I don't know who Dean Danvers is or what his particular interest is (although Google tells us that he posts on skyscraper city), but he sounds like someone who knows what he's talking about and not just spouting some corporate line, so I'm posting the comment (slightly edited) as a new post to encourage a bit of debate around the questions raised.
Dean Danvers said...
Come on....let's be a bit more honest about Greenwash in Bristol. The winner for the most greenwashy campaign in Bristol goes to....(drum roll)...the Campaign to Save Castle Park! Bravo, Cheers, Hurrah!
Special mention must be made to all those office workers who signed the petition against any development, it must have gave them a nice warm feeling as they drove home that evening in their single-occupancy cars, expelling noxious fumes and carbon gases. And special mention to the campaign leaders whose careful guardianship of the existing park was such that, just 8 years after plans were published highlighting the western end as a possible development site, they immediately sprang into action with the full breadth of disinformation. We don't deserve them! No, really, we don't. Or maybe we do.
The point I am trying to make is that what started out as a "green" campaign with support across the spectrum has become more about "political" point scoring which may in the end undermine efforts to make Bristol more sustainable.
As far I can see the background to the Castle Green affair is as follows;
In the Bristol City Centre Strategy and Action Plan 1998-2003, the Norwich Union/Bank of England buildings are marked as a key site. In the Neighbourhood Statements section the potential area for redevelopment is outlined in red; this boundary runs from where the cycle path meets the High Street, along the High Street and Wine Street to a point close to the Union Street junction, it then cuts across the park west of St Peter's before following the line of the diagonal path down to the cycle path and then back to High Street. The development area so marked includes several areas of green park. The incorporation of parts of Castle Park into the new development was reiterated in the 2003 Proposed Alterations to the Local Plan and again, in 2005 in the new City Centre Strategy and Action Plan 2005-2010.
Soon after, the developer (Deeply Flawed?) came out with a plan which extended the redevelopment site right up to St Peter's (on an alignment that roughly continues that of Union Street - see pic above). This exceeded the boundaries marked in the CC Strategy and opposition was mounted, both on-line, via the media, and at the developer's own consultation process. As a result of the pressure from those protests/complaints, the developer's eventually admitted defeat and came back with the proposal that would take up space considerably less than that proposed in the City Centre Strategy since 98 but would still involve building upon half and acre of green space.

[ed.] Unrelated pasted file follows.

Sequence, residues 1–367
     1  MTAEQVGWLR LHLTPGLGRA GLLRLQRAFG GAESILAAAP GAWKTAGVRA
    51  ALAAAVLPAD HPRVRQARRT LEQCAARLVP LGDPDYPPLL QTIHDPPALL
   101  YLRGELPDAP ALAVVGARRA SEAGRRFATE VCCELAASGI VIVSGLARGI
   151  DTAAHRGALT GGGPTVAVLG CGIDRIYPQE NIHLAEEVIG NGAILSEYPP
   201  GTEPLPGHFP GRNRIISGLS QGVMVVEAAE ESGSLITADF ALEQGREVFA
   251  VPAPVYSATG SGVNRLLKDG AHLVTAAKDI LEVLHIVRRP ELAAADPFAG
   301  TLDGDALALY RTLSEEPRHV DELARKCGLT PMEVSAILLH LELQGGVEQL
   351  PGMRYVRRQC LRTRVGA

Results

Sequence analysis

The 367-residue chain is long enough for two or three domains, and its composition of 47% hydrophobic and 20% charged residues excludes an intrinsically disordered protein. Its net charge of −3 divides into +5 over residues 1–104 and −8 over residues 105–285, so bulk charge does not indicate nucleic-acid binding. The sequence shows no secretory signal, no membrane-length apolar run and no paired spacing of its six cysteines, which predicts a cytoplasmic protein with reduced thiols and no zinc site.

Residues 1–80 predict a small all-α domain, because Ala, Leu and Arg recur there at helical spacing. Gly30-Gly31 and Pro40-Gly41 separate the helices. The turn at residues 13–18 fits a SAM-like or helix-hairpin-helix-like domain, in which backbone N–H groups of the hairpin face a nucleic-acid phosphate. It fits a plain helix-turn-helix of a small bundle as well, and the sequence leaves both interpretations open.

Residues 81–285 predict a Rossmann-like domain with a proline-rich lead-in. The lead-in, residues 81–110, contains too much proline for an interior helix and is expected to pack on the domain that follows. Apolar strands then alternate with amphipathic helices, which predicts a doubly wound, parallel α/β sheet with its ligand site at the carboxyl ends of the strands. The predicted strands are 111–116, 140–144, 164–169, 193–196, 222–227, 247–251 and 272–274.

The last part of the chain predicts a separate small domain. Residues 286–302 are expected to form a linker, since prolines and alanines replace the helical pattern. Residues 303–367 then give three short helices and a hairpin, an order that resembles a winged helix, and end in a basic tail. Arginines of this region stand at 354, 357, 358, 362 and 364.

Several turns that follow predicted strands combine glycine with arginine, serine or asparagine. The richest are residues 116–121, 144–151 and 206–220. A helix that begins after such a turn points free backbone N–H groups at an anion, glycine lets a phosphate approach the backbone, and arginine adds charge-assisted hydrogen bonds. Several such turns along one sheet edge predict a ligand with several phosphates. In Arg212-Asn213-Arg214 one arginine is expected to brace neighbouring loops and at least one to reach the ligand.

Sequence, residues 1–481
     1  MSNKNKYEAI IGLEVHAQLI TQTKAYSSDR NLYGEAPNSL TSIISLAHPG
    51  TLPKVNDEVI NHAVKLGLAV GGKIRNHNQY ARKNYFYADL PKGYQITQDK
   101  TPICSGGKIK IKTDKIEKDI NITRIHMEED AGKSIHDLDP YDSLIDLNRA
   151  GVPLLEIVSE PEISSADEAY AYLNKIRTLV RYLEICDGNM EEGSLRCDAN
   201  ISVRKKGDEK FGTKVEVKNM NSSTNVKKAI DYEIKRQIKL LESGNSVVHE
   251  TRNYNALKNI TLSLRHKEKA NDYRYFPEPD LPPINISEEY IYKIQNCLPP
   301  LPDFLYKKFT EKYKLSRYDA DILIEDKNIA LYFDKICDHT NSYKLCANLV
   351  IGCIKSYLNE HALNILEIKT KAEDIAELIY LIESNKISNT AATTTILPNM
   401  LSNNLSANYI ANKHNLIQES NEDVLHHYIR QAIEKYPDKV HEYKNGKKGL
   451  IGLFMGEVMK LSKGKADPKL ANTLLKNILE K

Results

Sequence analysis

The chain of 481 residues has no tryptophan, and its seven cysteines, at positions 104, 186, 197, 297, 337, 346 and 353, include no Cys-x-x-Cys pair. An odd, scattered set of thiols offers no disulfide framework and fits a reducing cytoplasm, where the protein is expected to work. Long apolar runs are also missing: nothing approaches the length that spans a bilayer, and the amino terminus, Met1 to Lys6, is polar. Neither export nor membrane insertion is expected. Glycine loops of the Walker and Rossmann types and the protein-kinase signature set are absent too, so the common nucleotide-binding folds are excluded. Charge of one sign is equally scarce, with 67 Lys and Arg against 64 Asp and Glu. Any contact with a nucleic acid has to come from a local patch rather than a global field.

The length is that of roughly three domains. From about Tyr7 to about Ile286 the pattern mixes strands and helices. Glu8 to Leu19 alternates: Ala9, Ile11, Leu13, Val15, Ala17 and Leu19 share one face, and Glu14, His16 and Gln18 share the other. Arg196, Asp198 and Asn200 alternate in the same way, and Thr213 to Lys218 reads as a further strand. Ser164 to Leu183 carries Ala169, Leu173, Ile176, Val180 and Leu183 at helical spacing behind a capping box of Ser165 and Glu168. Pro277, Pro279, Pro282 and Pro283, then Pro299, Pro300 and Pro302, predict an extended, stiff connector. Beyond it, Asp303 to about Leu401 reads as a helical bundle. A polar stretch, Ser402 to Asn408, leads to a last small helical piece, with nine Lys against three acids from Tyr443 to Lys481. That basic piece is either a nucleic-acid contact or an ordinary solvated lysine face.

This brings us to today and it is at this point that the protesters appear to be trying to grasp defeat from the jaws of victory. Here was an opportunity to demonstrate to all Bristolians that "greens" are not just interested in plants and animals and short-term aesthetic environmentalism but really do care about the long-term effects of non-sustainable development on real people. They could have put the council and the developers on the back foot by saying; OK you still say you need half-acre from the 13 acre Castle Park, we will work with you on the following conditions;
- The boundaries of the development are drawn in a legally binding document before any development begins.
- All the land in the Castle Park area outside of that boundary is put in Trust to be administered by a democratically elected User Group as a Park.
- The half-acre taken from Castle Park is used to provide flats at above 200 dwellings per hectare which will be made available to key workers etc, at assisted rates.
200 dph on half-acre of land would provide 40 homes within walking distance of workplaces, retail and leisure facilities. At typical occupancy levels and travel patterns, this would remove some 275,000 car kms and their resulting emissions from the road network.
So why didn't the protesters do that? Why did they pursue the Town Green Application? Effectively an all-or-nothing proposal which if they lose could seriously undermine any further efforts to help shape the development to something more sustainable.
The reason, I believe, is because this campaign is "greenwash", a light covering of environmental concerns in order to fight political battles which are really about old Labour vs New Labour and not really anything to do with Castle Park which happens to be a convenient issue. The fact is that reading some of the things that have been written or said by the campaign leaders leads me with little trust in their honesty.